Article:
There are few games as fast-paced as volleyball. Because the ball is always in motion and a point is scored on each rally, it might seem like there’s only one tempo to the game – fast. But while things are always moving pretty quickly, an offense is varying its tempo based on how it wants to or how it can attack.
These three tempos are used throughout volleyball, though they may be called different things program to program, and today were going to explain what each one means.
This is the quickest tempo in volleyball. A zero set is one that goes from the setter to the middle, and, if the team is in system, there shouldn’t be a lot of distance between the two. That makes this set a real quick hitter. The middle will only have the last step of her approach to get up and attack a set at this speed, so it typically requires a perfect or near-perfect pass or dig. It also requires a precise set from the setter.
You could consider this the most common tempo in volleyball as it is an in-system set to the outside. In a one-tempo attack the setter will look to set to the pin hitters – left front and right front – and they will have the last two steps of their approach to attack the ball. This is the second-quickest tempo in volleyball and requires an offense to be in system. At Nebraska the setters are taught to put the ball right at the pin or just inside of it.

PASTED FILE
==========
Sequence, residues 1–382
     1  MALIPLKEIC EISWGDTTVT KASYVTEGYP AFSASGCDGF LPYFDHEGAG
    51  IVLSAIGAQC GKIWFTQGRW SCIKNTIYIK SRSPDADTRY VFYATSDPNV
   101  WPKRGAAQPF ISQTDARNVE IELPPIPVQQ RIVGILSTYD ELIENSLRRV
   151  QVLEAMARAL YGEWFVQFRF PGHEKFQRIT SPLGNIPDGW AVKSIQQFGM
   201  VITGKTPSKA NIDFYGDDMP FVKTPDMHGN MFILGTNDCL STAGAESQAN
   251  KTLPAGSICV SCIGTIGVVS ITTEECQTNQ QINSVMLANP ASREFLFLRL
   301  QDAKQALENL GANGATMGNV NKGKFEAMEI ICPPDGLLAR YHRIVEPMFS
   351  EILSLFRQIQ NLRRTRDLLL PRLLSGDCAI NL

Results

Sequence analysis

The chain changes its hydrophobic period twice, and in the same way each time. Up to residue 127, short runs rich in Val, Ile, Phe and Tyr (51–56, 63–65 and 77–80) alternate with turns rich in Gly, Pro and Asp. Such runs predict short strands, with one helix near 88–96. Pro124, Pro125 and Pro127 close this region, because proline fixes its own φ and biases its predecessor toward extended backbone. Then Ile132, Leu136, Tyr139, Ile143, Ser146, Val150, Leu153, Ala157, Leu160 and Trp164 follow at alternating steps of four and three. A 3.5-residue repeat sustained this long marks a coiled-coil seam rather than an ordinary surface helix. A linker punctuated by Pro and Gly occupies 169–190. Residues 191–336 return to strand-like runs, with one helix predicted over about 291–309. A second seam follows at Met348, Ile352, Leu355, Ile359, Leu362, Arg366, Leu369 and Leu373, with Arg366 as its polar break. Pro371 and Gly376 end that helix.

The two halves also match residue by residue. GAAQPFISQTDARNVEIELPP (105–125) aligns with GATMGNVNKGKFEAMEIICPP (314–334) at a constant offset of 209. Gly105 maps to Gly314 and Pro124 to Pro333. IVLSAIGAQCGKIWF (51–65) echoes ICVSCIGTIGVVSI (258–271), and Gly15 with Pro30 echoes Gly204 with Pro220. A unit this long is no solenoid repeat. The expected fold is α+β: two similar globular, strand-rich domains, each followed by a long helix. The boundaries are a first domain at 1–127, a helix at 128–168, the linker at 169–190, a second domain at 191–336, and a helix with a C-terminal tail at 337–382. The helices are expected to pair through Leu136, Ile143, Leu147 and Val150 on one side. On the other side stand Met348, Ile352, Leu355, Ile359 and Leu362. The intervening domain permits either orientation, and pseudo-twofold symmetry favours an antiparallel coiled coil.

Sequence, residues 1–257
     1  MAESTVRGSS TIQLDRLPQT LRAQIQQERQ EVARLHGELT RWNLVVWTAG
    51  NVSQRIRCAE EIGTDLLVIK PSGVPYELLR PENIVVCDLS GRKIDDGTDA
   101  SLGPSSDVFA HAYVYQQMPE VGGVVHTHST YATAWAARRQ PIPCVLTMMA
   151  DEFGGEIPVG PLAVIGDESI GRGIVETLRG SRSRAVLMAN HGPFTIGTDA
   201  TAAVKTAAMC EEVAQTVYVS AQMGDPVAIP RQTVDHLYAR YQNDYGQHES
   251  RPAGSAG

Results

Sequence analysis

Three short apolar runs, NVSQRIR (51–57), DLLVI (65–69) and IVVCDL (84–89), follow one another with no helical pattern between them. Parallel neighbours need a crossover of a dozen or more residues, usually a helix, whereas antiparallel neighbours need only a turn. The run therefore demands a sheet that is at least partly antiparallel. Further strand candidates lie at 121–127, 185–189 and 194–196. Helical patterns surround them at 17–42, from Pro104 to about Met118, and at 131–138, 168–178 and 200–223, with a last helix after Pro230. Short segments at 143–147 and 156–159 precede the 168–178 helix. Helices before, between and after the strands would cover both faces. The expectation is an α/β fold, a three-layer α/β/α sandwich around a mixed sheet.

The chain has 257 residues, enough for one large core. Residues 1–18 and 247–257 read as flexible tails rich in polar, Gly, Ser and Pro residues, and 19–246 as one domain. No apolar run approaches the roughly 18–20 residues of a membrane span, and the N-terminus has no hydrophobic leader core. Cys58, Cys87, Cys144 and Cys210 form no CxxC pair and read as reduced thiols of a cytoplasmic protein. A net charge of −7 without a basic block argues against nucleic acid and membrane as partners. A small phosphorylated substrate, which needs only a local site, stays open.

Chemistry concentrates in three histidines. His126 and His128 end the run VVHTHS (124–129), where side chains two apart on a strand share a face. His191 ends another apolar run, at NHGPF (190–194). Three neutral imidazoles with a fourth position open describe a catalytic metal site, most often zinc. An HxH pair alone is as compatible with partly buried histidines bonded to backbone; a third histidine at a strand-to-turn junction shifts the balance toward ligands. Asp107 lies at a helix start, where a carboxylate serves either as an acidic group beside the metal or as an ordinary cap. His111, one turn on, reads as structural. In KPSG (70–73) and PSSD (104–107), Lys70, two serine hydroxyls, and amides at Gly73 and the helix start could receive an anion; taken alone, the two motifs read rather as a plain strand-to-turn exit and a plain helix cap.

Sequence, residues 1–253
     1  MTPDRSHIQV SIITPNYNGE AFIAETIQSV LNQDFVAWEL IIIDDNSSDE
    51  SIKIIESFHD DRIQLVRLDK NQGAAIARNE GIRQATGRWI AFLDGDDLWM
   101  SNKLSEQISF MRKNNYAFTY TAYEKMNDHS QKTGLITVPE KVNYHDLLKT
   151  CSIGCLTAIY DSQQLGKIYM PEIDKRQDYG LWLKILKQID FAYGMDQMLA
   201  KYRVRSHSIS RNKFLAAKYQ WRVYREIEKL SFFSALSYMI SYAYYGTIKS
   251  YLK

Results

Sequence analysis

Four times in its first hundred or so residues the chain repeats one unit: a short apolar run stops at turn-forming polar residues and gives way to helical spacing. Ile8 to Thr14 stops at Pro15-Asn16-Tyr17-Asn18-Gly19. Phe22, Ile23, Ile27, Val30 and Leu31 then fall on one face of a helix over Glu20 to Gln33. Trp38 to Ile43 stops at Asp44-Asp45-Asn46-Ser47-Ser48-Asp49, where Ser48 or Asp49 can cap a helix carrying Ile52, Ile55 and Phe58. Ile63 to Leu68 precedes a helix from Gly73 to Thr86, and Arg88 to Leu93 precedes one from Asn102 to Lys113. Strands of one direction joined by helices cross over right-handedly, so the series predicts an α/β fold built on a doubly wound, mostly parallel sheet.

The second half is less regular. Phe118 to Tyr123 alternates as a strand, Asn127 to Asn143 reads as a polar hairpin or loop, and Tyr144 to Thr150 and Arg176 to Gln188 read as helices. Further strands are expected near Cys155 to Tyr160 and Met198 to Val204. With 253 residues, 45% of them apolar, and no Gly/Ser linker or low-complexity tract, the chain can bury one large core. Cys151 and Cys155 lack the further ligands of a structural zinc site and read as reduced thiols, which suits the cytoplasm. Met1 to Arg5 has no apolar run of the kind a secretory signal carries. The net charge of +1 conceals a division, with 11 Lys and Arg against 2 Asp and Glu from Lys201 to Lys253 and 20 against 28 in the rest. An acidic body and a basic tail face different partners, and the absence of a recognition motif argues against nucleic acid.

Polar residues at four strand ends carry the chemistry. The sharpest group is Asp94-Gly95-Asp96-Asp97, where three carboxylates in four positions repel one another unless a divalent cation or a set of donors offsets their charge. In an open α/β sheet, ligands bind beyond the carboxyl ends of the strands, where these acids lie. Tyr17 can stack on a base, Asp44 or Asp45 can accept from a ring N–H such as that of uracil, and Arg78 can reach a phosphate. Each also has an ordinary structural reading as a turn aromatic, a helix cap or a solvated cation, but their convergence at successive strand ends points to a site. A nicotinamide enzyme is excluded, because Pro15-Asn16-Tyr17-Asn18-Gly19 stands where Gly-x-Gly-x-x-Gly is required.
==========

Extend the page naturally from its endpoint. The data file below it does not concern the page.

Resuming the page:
Tempo-two sets are also going to the pin, but these happen when a team is out of system. When the pass or dig is too far off the net, the setter might have to make an emergency move or another player, often the libero, may have to put up a hittable ball. Whoever ends up handling the set is looking to put up a high ball so the attacker has time to get there. The hitter should be able to take a three- or four-step approach when attacking, which offers options but the defense will also likely have time to set its block. At Nebraska players are taught to put tempo-two sets about one foot inside the antenna, about one foot off the net and well above the antenna in terms of height to allow the hitter the best opportunity.
Most teams prefer to run a “fast” offense. There are a few reasons for that, but the biggest one is that a quick tempo is simply more difficult to defend. When a team goes quick, it’s harder for the defense to read where the setter is going with the ball. That makes it more difficult for the blockers to get there. Quicker tempos are deceptive and can be successful, but the offense has to be able to pass. If the setter is constantly having to run all over the place to track down passes it is hard to put tempo on the sets.
A slower tempo can be beneficial for certain types of teams. If an offense features a lot of tall hitters, and perhaps lacks some athleticism, a slower tempo might suit it better as the hitters are capable of hitting over the block. For teams like that, going quick isn’t playing to its strength.
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